Becoming parents is a time we want to feel happy and close, yet there is a deep undercurrent that brings change in our relationship with our partner, whether we want it or not. In the last newsletter we looked at how our expectations of parental roles has an impact on our relationship once children arrive. Let’s now look at why even more might come up from our pasts at this stage.
Change 3) Patterns from the Past Emerge
As our partner is suddenly a mother or father, and no doubt saying things that remind us of this parental role, deep reactions are triggered within us to this role and our own history with our parents. It’s a bit like our unresolved stuff from our childhood gets dredged up, usually without us realising. So, we are more likely to have ‘childish’ and ‘old’ reactions in response to our partner in their new ‘mother’ or ‘father’ role which have nothing to do with them at all. In turn we are likely to experience new behaviour in our partner that does not fit with the woman or man we know. No wonder it can be a confusing time on top of learning to look after a baby.
The arrival of children usually means an increased involvement with our actual parents, as they step into the role of grandparents, and this in turn can also trigger old dynamics. I guess you just have to look at how many of us struggle with our relationship with our parents and ‘family’ occasions after we ‘leave home’ to see that there is stuff we have yet to resolve.
Tip 3) How to Positively Handle our History
It’s hard to notice and be with our ‘childhood’ stuff alongside managing a newborn and all the change and sleep deprivation this brings, but rest assured being open and starting to talk, showing willing and keeping trying goes a long way in a relationship. It’s about being in the messiness of relationship and exploring how you can grow both individually and together and resolve things, rather than searching for an easy ‘fix’.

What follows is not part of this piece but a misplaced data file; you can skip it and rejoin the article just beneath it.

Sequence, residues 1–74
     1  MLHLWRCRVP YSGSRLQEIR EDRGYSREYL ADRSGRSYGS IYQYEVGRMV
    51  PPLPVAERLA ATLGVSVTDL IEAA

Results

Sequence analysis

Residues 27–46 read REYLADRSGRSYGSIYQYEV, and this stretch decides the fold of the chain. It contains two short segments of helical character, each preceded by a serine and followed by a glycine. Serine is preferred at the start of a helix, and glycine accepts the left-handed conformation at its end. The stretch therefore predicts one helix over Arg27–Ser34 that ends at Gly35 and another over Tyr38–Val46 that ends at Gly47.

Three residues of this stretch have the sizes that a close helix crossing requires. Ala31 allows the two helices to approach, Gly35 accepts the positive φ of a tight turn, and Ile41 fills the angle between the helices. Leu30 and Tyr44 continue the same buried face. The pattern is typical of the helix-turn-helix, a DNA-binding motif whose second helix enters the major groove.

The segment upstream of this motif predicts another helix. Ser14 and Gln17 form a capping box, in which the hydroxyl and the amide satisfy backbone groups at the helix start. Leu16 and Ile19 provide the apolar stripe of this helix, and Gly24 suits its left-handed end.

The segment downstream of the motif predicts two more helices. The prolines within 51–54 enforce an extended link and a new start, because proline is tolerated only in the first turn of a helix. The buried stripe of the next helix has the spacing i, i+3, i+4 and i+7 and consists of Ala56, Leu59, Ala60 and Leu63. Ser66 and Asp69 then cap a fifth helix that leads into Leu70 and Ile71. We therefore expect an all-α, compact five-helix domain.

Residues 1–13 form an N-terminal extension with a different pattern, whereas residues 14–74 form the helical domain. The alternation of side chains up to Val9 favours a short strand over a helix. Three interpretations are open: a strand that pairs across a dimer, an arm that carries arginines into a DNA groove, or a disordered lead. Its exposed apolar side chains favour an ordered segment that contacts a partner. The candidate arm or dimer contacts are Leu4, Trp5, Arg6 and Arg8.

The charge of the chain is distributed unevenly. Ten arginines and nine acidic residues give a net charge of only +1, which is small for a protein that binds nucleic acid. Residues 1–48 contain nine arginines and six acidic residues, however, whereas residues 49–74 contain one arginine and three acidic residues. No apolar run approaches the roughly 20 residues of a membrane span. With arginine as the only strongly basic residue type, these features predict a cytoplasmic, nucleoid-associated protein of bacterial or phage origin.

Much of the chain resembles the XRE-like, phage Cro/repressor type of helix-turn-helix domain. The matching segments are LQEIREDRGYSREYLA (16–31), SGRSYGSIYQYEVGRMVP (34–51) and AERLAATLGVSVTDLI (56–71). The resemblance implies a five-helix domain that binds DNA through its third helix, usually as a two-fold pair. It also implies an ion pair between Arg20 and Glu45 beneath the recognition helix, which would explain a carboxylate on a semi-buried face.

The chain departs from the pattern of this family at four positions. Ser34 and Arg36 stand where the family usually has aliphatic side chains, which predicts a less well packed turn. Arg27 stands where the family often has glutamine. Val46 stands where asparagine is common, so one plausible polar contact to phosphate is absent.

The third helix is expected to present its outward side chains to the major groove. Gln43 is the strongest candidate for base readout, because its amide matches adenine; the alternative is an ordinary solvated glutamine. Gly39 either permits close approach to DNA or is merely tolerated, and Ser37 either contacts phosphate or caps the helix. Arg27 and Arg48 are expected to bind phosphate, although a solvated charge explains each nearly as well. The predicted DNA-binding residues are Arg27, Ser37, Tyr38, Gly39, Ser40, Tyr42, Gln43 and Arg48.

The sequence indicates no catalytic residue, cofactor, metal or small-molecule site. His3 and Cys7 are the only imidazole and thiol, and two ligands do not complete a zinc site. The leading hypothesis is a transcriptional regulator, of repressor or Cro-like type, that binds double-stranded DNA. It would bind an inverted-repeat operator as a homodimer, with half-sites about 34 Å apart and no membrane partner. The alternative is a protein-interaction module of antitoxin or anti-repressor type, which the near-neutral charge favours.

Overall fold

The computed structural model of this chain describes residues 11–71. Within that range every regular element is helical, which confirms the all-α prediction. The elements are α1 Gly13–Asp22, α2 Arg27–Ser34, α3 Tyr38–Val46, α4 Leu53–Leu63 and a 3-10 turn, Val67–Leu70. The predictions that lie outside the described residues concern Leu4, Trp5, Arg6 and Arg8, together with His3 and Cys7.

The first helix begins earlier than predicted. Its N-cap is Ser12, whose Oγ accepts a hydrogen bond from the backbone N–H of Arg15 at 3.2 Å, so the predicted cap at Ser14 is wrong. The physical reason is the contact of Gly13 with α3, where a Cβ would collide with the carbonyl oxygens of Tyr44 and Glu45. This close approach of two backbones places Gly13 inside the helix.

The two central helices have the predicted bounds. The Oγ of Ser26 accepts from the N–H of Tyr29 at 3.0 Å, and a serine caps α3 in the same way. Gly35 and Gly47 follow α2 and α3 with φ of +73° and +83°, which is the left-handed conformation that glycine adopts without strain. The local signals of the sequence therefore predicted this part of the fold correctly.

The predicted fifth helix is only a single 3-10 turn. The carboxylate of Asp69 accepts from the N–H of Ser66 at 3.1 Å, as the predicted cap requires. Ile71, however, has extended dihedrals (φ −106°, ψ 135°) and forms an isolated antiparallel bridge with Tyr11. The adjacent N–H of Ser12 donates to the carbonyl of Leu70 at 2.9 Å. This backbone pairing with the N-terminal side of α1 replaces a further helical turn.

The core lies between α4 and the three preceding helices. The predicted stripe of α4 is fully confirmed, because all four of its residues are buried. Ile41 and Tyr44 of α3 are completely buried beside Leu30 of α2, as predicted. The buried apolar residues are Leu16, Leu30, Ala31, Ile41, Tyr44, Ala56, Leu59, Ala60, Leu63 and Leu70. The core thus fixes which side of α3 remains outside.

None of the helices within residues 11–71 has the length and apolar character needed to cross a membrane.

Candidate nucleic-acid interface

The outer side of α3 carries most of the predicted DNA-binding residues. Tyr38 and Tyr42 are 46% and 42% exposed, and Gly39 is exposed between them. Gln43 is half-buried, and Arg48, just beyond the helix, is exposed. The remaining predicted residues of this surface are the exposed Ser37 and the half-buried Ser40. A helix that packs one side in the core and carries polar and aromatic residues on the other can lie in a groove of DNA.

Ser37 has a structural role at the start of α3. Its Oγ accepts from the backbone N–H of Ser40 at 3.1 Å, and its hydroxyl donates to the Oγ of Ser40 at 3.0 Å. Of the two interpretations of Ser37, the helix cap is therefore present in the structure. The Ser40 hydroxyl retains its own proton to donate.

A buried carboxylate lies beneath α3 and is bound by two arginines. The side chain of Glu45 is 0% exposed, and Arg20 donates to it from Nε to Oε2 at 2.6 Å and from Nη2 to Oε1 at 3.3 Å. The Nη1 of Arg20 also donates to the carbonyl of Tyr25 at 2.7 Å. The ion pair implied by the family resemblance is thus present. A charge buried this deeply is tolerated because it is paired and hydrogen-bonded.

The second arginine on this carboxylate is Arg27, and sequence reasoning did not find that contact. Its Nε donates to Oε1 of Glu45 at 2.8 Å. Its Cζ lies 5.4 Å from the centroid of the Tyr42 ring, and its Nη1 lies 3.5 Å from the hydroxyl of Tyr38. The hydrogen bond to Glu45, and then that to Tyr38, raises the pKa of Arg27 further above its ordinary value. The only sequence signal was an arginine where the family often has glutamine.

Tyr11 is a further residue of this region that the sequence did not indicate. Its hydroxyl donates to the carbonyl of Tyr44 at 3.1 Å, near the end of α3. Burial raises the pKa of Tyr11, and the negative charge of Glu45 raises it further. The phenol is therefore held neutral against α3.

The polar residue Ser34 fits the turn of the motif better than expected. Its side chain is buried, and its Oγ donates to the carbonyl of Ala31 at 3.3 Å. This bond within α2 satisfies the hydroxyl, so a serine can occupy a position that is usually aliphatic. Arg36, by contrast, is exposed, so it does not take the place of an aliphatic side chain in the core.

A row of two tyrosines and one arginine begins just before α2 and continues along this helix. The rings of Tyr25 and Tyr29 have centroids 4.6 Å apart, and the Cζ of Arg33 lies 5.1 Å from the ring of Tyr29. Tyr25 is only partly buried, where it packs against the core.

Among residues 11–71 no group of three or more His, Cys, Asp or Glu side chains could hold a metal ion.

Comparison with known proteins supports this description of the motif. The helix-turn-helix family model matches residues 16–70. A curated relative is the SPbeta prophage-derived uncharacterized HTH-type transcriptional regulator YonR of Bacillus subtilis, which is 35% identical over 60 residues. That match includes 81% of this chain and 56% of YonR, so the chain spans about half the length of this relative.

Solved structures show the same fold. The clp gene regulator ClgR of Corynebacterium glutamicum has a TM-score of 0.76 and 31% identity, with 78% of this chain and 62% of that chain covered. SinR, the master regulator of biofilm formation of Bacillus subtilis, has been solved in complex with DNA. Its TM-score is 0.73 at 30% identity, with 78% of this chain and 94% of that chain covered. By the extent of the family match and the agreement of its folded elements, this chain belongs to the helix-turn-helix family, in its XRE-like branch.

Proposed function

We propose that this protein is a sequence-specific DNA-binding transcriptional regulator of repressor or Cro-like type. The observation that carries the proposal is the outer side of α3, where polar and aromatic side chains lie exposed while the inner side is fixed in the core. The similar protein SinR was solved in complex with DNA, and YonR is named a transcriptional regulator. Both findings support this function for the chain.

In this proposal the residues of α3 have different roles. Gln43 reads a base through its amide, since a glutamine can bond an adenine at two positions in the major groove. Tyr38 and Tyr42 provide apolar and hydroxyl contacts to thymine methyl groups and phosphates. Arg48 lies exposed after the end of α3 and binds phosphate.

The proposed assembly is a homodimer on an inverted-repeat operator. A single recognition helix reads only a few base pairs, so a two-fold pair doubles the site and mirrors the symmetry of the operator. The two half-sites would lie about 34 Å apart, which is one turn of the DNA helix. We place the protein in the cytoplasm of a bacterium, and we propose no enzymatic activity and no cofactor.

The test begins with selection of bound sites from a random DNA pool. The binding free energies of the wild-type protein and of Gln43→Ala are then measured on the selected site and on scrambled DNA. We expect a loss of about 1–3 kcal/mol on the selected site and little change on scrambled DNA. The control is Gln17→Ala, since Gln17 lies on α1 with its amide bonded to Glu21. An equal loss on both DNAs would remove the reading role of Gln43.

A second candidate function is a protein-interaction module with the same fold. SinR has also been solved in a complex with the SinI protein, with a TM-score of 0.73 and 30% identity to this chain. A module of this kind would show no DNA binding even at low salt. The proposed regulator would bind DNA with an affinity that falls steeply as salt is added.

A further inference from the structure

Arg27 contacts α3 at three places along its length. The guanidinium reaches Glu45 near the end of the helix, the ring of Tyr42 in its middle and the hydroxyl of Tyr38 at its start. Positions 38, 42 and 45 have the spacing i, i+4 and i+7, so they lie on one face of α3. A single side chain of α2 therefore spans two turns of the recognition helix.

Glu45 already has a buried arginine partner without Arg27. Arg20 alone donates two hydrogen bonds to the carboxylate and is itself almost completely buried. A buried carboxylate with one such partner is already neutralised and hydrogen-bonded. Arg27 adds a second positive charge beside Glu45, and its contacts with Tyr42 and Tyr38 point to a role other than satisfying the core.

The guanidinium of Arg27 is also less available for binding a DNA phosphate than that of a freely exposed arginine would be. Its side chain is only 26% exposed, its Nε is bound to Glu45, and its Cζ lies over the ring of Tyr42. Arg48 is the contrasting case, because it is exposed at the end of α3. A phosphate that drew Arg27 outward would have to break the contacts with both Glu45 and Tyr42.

Just becoming aware that old patterns and reactions will be triggered makes a difference. It helps to notice them and own them when they happen, particularly with your partner. The more you can notice your own behaviour (rather than your partner’s!) the more likely you are to be able to express how you are feeling and to find ways forward together.
Notice when Your Reaction is Out of Proportion
You can start by noticing what emotions feel real and relevant in response to your partner in the current moment. Notice when your reaction is out of proportion to the situation as this is a clue that there is probably some link to your past, or possibly your partners, and that something is unconsciously being acted out or released. This is particularly true for rage – old anger that has been hidden inside.
You could reflect and journal on your childhood and your relationship with your mother and father, and notice any parallels you are experiencing in your relationship with your partner. Once you are clearer on what is getting triggered inside you it is easier to manage your response and separate out past and present. It will also help to notice the positive choices that you made as a result of your childhood experience, as it can be hard if this stage brings up mostly the negative aspects.
A Deep Undercurrent that Brings Change
The potential is that this is a time of discovery that can bring us new awareness, choices and individual growth, the chance to heal old wounds and hurts, and a new level of depth in relationship with our partner. And if this doesn’t happen alongside parenting a newborn or toddler, the possibility is still there for couples to explore this at any stage.
If parenting together feels difficult, or the changes it brings are causing big rifts within your relationship that you don’t know how to bridge, know you can always get some support from someone like myself.